Russians attended church ceremonies Wednesday marking 90 years since the last czar and his family were murdered by the Bolsheviks, while investigators reaffirmed that remains unearthed last year were those of Nicholas II's only son and a daughter.
Russian Orthodox Churches nationwide were holding services and processions Wednesday and Thursday, some overnight, to commemorate the canonized czar and his wife and children, who were shot dead in a basement in the Ural Mountains city of Yekaterinburg early on July 17, 1918.
Russian investigators marked the anniversary by repeating their confirmation that bone and tooth fragments found in a shallow grave in Yekaterinburg a year ago are those of the czar's 13-year-old heir, Crown Prince Alexei, and one of his daughters, Grand Duchess Maria.
"The remains that were found belong to Alexei and Maria. We can say that with certainty," Vladimir Solovyov, a senior investigator with the Investigative Committee of the Russian Prosecutor General's Office, told a news conference in Yekaterinburg.
The Investigative Committee had said in June that the remains were those of Alexei and Maria. The finding is based on DNA and other forensic testing carried out by laboratories in Russia, the United States and other countries.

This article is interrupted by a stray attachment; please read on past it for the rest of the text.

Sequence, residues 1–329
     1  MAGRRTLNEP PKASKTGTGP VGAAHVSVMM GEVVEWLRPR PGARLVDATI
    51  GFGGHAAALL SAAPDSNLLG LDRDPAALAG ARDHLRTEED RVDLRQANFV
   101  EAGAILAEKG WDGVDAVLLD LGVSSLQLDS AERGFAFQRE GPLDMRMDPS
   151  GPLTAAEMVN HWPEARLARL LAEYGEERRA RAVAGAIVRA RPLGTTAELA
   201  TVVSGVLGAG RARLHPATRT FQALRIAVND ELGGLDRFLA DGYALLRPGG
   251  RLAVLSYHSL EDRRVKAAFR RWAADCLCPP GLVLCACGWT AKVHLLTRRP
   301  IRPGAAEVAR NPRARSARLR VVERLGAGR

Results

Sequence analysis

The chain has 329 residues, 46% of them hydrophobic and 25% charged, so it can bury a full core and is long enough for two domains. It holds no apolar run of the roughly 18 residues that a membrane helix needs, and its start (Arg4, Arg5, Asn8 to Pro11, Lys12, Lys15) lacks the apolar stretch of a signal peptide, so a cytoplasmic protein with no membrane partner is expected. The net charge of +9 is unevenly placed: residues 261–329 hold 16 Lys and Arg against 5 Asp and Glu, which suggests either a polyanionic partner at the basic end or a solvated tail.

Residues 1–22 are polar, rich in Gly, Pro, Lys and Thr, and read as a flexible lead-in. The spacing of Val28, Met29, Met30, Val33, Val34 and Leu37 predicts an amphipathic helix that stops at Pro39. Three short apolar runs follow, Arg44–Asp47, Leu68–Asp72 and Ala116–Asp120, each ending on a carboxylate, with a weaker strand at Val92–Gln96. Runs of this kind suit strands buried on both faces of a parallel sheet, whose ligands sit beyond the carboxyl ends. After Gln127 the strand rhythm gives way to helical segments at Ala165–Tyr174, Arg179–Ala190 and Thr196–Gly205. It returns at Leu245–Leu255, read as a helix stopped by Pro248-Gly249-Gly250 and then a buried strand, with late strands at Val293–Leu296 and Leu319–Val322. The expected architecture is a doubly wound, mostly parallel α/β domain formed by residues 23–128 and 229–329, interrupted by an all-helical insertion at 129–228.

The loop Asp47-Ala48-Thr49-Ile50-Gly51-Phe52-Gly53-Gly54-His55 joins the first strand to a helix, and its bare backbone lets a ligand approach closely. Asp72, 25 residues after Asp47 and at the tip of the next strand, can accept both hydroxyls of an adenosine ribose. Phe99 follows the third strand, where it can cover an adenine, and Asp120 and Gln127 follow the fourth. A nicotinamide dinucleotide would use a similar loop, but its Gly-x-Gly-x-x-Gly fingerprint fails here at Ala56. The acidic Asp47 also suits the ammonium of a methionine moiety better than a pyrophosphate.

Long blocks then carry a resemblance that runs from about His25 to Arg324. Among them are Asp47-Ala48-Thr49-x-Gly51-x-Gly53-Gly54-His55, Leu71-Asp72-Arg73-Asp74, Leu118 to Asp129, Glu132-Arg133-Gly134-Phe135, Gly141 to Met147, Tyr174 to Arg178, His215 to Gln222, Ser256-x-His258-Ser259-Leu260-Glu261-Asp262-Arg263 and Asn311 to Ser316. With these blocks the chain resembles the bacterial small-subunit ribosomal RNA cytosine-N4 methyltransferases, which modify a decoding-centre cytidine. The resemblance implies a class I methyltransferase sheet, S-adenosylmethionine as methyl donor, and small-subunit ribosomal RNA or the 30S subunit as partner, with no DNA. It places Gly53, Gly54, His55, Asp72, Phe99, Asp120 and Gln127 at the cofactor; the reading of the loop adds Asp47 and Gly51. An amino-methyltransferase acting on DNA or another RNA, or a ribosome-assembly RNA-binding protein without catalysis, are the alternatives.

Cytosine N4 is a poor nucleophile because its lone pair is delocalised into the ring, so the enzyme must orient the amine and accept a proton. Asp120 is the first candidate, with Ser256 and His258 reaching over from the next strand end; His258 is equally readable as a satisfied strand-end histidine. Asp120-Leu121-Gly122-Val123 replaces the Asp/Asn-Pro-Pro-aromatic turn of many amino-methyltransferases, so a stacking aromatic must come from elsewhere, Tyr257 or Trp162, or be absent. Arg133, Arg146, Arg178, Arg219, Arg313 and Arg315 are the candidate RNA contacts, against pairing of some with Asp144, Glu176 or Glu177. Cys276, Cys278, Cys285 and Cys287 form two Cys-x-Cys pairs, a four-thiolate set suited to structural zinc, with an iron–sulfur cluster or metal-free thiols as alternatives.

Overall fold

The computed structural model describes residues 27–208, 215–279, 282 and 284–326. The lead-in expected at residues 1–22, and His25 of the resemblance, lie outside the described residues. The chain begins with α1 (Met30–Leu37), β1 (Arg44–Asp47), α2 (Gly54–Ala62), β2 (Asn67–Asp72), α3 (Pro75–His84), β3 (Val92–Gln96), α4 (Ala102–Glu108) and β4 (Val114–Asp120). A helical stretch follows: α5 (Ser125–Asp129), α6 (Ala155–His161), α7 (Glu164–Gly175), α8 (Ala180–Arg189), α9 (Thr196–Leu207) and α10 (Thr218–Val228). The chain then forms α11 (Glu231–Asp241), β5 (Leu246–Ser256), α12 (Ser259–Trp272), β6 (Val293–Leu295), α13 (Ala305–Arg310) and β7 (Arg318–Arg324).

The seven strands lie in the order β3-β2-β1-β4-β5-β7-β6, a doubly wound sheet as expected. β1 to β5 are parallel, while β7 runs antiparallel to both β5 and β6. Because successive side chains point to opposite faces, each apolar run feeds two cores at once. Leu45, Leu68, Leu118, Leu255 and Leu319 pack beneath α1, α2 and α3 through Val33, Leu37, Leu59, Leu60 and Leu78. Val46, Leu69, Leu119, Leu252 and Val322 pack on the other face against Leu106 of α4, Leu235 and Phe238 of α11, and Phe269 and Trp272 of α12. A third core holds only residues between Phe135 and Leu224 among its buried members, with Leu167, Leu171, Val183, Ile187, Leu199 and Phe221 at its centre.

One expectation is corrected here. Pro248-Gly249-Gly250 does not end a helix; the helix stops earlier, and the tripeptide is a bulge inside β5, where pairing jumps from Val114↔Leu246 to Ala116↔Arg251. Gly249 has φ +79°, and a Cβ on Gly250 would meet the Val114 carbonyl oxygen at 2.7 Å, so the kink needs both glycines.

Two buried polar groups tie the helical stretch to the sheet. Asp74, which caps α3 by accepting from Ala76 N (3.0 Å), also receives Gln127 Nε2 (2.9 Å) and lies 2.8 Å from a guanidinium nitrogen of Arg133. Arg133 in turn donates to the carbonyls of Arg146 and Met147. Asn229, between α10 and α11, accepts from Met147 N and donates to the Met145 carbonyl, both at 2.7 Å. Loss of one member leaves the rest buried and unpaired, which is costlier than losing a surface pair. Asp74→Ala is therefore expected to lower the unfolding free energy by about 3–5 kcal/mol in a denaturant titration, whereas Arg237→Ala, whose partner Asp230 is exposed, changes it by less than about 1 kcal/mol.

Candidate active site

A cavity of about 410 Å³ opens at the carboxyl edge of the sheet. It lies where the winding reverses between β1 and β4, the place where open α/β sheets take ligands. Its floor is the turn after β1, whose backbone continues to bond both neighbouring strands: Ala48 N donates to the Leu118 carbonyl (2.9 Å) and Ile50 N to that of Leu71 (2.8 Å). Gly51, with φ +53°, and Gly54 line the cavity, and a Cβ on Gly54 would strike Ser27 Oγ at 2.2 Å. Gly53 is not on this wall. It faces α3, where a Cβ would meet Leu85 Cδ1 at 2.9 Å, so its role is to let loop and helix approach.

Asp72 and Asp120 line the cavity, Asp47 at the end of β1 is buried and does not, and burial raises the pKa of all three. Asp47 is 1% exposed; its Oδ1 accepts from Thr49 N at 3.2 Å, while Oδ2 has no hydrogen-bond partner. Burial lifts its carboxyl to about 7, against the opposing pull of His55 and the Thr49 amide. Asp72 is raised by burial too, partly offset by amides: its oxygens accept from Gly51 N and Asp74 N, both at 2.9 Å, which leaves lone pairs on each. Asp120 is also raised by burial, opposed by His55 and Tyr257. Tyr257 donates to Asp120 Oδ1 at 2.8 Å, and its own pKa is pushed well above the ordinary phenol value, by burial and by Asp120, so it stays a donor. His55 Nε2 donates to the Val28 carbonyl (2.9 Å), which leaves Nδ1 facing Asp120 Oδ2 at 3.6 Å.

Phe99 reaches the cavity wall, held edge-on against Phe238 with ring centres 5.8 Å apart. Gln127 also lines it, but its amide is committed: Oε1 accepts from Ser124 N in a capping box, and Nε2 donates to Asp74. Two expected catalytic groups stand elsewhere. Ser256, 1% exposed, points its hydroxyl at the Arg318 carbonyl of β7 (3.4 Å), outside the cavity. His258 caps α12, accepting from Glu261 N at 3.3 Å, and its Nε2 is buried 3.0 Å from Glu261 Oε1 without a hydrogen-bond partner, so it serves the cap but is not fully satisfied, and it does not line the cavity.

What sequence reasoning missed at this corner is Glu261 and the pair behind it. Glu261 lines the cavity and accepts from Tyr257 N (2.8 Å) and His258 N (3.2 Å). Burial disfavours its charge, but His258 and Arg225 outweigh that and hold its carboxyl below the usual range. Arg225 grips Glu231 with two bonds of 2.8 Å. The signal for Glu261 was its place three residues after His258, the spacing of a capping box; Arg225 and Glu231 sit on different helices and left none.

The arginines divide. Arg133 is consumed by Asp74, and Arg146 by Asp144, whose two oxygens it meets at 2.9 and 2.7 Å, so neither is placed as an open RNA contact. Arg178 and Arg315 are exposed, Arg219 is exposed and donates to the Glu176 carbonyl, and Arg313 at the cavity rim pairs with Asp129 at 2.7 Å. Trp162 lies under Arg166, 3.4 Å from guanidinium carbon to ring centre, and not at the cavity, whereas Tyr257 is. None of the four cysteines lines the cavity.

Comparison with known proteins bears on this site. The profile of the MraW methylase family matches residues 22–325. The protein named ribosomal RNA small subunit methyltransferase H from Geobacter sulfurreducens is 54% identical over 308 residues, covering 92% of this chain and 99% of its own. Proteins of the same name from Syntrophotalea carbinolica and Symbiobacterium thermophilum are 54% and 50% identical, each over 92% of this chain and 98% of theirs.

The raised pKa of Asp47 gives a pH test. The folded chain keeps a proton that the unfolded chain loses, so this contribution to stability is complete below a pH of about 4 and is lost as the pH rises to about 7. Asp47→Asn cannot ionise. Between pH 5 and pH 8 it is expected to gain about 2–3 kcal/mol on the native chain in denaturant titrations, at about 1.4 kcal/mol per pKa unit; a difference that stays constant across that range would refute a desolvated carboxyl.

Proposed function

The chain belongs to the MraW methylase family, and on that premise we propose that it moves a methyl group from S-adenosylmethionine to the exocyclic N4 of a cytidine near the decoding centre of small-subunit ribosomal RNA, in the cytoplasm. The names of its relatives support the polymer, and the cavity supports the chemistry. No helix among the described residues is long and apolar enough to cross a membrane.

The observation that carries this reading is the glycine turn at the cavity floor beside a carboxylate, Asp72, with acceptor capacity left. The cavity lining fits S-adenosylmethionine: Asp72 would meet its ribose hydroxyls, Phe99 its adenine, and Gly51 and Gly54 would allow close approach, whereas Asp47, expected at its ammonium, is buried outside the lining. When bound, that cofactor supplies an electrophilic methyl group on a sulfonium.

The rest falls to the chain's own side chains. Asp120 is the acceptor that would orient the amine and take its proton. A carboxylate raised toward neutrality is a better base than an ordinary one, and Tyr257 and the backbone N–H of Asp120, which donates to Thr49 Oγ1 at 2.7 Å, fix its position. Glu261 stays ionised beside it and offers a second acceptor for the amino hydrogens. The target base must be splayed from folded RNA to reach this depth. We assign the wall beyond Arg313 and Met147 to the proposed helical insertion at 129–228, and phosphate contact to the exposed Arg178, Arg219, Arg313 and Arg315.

Nicholas II abdicated in 1917 as revolutionary fervor swept Russia, and he and his family were detained. They were shot by a Bolshevik firing squad in the basement of the house where they were being held in Yekaterinburg, in the Ural Mountains 1,500 kilometers (900 miles) east of Moscow.
The remains of Nicholas, his wife Empress Alexandra and three daughters including the youngest, Anastasia, were unearthed in Yekaterinburg in 1991 - the year the Soviet Union collapsed - and later reburied in the imperial capital, St. Petersburg.
The remains of Alexei and Maria were not found, fueling die-hard speculation that the hemophiliac heir might have somehow survived and escaped. The remains were discovered last July in the woods about 70 meters (yards) from the site where remains of the rest of the family were found.
The church made all seven slain family members saints in 2000.
Identification of the remains has helped illuminate one of the bloodiest chapters in Russia's history.
But it has not brought closure for descendants of the royal family who are seeking the "rehabilitation" of their murdered relatives - formal recognition that they were victims of political repression by the country's Communist-era authorities.
Russia's courts have thwarted their efforts for such recognition in rulings that human rights activists say fit in with the Kremlin's reluctance to confront the crimes of Russia's Soviet past. Former President Vladimir Putin has used nostalgia for the Soviet Union's might to build pride among Russians in the wake of its collapse.
The Russian Orthodox Church, meanwhile, continued to express doubts about the accuracy of the scientific findings identifying the remains as those of the royal family.
Church spokesman Father Vsevolod Chaplin said Wednesday that the church has not yet announced its position on the latest findings, and noted that the Investigative Committee said testing of the remains would continue, the Interfax news agency reported.
"This is not the first time we are hearing that everything is clear to everyone," Chaplin said, according to Interfax.
The choice of the city of Helsinki is not incidental as the capital of Finland had hosted US-Soviet negotiations on the limitation of nuclear stockpiles in 1969